* [Week 11](http://www.thestage.co.uk/tvtoday/2007/05/any_dream_will_do_week_11_the_final.php) — the final; Lewis Bradley third, Keith Jack runner-up, Lee Mead winner.
Also, my [interview with Daniel Boys](http://www.thestage.co.uk/tvtoday/2007/05/daniel_boys_more_mr_nice_guy.php) after his elimination.
Does the headline of this post offend you? It should. It’s insulting not only to the subjects (the BBC Board of Governors), but to a whole section of the population. It’s an insult that was prevalent in the school playgrounds that I grew up in, but that’s no excuse. Quite rightly, if anybody bandied such an insult about on the BBC, they would find themselves in contravention of the Corporation’s guidelines on taste and decency in short order.
But now there’s another insult doing the rounds. It, too, has its etymological roots through associating a person or thing with a section of the community — and implying that, as a result, the subject of the insult is all the lesser for that.
This time, though, the BBC Governors have decided that, because it’s a term freely in use in school playgrounds, it’s perfectly acceptable for a Radio 1 DJ to use such a derogatory term.
That insult is “gay”.
Apparently, because schoolchildren now use “gay” to relate to anything substandard, it’s okay for Radio 1’s resident crap DJ, Chris Moyles, to use it too.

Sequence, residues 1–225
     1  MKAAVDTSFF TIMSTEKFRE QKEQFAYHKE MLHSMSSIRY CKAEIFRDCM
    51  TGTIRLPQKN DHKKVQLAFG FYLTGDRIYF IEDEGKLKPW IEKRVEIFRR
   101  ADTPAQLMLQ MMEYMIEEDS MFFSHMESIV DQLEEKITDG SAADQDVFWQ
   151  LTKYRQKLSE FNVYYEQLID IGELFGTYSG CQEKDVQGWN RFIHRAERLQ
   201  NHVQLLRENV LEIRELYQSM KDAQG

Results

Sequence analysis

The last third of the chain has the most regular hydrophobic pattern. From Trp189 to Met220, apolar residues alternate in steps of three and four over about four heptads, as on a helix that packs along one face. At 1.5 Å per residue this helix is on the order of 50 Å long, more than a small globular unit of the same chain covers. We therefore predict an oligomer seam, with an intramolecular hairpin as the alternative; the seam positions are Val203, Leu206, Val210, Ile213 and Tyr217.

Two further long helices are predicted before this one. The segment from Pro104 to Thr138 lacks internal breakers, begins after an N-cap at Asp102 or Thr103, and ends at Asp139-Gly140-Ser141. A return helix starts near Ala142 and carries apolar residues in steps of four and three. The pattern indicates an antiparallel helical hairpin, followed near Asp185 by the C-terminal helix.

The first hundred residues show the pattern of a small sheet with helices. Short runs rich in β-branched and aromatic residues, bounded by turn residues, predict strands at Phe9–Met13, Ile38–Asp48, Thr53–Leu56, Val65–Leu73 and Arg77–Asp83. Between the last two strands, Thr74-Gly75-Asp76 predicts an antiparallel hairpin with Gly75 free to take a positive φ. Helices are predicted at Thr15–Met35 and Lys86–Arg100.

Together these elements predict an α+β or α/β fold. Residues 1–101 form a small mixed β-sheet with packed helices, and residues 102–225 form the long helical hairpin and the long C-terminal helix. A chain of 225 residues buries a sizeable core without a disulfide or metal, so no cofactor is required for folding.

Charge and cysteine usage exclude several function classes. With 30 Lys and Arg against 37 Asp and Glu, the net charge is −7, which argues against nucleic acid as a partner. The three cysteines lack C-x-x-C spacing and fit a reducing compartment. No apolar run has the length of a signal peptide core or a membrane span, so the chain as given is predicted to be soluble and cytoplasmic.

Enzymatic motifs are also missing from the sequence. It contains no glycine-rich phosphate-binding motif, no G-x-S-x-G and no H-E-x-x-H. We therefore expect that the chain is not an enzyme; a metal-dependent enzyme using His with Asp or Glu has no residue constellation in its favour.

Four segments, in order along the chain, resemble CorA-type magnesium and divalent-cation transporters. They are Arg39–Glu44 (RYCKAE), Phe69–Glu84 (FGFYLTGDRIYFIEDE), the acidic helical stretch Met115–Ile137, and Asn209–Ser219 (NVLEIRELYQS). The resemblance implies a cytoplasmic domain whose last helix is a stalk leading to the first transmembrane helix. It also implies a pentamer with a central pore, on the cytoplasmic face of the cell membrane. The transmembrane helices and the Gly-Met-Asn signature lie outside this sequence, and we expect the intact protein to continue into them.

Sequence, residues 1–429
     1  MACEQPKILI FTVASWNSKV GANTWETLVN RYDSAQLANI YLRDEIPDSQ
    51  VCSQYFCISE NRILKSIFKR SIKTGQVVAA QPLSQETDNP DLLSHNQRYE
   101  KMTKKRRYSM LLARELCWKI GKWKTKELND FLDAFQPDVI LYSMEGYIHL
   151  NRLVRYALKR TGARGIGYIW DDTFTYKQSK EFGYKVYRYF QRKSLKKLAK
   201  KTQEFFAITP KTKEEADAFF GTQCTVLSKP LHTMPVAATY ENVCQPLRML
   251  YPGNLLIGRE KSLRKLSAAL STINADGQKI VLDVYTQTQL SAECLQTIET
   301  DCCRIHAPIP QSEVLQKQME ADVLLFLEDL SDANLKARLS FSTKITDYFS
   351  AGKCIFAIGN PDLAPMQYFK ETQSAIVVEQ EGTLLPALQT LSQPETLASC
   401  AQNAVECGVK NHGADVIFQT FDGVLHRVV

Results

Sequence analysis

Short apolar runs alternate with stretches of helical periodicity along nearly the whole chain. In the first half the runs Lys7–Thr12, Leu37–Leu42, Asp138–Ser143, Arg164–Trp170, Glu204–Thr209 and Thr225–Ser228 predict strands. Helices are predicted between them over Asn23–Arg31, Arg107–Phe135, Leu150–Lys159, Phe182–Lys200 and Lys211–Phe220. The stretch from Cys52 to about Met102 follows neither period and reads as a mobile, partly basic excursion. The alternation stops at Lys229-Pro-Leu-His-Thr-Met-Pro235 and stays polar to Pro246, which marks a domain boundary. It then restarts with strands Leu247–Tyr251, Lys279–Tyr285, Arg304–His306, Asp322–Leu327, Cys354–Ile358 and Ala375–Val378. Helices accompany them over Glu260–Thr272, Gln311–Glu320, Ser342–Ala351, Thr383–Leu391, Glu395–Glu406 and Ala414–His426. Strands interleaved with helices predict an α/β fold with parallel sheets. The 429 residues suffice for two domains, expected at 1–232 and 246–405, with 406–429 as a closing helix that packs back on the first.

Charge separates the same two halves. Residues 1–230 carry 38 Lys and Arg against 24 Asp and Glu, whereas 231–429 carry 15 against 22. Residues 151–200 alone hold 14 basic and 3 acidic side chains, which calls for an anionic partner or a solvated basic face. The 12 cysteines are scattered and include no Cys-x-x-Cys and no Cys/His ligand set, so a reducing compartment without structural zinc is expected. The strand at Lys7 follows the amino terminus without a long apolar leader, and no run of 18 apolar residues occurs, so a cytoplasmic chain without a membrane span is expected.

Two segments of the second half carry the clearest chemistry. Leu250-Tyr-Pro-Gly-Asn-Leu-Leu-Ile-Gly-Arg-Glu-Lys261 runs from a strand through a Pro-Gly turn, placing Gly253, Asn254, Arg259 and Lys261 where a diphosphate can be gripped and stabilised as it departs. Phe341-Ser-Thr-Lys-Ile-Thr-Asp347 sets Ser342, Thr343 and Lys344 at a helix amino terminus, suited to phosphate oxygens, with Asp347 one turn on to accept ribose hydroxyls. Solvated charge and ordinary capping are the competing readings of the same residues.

> The Committee noted that the word “gay”, in addition to being used to mean “homosexual” or “carefree”, was often now used to mean “lame” or “rubbish”. This is a widespread current usage of the word amongst young people. The Committee was familiar with hearing this word in this context.
The governors are well aware of why using “gay” as an insult is offensive; for some reason its ubiquity in this form excuses a racist, homophobic cunt (another offensive word, in common usage as an insult but with a very different meaning from its original one — does that make it okay, too?) like Moyles, who should be setting an example rather than following the rules of the playground.
* [BBC Appeals to the Governors Jan-Mar 2006](http://www.bbc.co.uk/complaints/pdf/apps_janmar2006.pdf) (PDF)